TOPEKA, KS (AP)--A populist coalition used its majority on a Senate committee Feb. 1 to bottle up a bill that would create a new agricultural loan program.

The Democrats and conservative Republicans who formed the Kansas Independent Family Farm Coalition this year question whether the loan bill does enough to help farmers. Some of them also want the committee to consider an alternative proposal from a coalition member.

However, some senators believe coalition members plan to use their majority to block passage of many bills, to force the Legislature to consider the coalition's agenda. That agenda includes proposals attacking large agribusiness corporations and making state enforcement of antitrust laws more aggressive.

The Senate Agriculture Committee failed to endorse the agricultural loan bill on a 4-5 vote. All of the no votes came from coalition members.

"They don't want the bill; it's not part of their agenda," said Chairman Steve Morris, R-Hugoton, one of the yes votes. "If they really wanted to help farmers, they'd be more cooperative."

Sen. Tim Huelskamp, R-Fowler, said he and other coalition members had genuine policy questions about the agriculture loan bill.

However, he also acknowledged, "There are other bills we have to make sure get heard, too."

The bill would make up to $50 million in loans available to farmers at lower-than-normal interest rates.

Banks handling deposits from the state would pay a lower interest on those deposits. The state would forgo about $1 million in interest earnings.

Banks would pass their savings onto farmers in the form of lower interest rates on loans for production expenses. Interest on production loans can range from 9% to 11.5%, but under the program, the interest rate would be 7% to 7.5%.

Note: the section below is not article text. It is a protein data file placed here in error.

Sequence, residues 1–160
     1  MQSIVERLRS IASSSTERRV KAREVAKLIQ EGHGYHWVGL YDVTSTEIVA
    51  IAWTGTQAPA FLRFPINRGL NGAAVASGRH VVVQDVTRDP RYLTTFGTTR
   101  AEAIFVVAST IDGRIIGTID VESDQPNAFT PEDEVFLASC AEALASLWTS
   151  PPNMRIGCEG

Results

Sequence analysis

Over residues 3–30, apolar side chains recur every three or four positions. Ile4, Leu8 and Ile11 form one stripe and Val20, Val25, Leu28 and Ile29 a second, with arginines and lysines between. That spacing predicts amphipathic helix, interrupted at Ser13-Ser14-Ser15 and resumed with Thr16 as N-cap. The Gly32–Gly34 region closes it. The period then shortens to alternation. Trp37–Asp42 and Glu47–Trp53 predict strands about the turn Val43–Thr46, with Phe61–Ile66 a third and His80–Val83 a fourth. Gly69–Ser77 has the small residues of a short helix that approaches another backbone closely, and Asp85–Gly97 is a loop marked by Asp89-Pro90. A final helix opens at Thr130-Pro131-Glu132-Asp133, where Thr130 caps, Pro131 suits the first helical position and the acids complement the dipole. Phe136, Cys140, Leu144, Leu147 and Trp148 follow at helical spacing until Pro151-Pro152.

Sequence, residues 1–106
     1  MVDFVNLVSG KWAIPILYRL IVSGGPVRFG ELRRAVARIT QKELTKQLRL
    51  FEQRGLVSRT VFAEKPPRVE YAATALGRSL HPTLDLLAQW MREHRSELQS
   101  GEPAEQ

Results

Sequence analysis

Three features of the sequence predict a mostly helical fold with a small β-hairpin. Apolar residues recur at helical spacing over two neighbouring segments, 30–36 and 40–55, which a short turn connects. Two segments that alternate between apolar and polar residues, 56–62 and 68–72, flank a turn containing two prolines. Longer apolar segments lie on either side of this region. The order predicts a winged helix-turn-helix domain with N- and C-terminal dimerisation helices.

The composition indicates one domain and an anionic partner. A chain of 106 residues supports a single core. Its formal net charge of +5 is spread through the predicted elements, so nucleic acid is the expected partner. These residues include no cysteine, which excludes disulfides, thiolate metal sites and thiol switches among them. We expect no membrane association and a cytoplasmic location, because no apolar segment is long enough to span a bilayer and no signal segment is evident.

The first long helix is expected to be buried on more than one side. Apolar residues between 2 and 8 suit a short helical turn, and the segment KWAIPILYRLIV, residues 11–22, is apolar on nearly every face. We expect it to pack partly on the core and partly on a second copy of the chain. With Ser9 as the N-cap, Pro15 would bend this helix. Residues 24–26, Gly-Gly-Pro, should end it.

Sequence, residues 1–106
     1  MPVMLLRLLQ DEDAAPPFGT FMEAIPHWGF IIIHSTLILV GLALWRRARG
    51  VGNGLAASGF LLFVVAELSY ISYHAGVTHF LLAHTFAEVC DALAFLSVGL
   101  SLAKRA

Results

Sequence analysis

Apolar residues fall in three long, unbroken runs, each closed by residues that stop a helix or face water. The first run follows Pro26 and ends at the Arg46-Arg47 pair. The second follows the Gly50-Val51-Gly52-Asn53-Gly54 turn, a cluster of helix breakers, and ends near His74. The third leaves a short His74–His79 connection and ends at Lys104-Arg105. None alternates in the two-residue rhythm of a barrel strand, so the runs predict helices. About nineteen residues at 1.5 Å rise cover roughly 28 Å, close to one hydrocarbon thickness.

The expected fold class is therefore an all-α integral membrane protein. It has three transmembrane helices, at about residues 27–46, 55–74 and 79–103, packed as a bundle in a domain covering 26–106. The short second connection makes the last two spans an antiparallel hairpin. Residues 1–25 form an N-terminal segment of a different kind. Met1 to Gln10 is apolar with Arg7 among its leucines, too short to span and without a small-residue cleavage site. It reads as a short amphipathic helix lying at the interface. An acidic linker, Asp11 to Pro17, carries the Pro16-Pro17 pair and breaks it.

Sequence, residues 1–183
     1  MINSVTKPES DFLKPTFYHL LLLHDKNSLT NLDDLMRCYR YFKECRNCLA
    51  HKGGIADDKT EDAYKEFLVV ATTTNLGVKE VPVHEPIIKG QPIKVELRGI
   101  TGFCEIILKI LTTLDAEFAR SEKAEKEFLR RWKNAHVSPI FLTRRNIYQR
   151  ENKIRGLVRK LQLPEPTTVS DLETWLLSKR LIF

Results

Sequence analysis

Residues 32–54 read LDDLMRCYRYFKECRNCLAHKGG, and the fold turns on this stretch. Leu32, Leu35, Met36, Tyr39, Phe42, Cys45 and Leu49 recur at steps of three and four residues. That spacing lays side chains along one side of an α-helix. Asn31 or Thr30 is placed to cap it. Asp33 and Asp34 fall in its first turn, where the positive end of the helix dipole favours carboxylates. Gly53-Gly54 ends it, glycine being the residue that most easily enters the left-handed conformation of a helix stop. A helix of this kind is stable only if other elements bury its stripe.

The bill passed the House last year, and Gov. Bill Graves supports it.

"He believes we shouldn't lose sight of the purpose, which is to provide a form of relief for farmers who face tough cash flow problems," said Derek Schmidt, a legislative liaison and attorney on the governor's staff.

Huelskamp proposed that the state revive a program it ran from 1986 through 1990, but the committee didn't vote on his plan.

Under that program, banks giving lower interest rates to farmers received a credit against their state taxes for the amount of money a farmer saved.

Huelskamp argued his approach would be more direct. Sen. Harry Stephens, D-Emporia, another coalition member, said the agriculture loan bill would help banks as much as it would help farmers.

Sen. Christine Downey, D-Newton, who is not a coalition member, argued that while Huelskamp's plan could have merit, the Legislature should move quickly on the loan bill so that "farmers can be at the banks."

Rep. Sharon Schwartz, R-Washington, sponsor of the bill, called the actions of coalition members "ridiculous" because the bill represents real relief to farmers.

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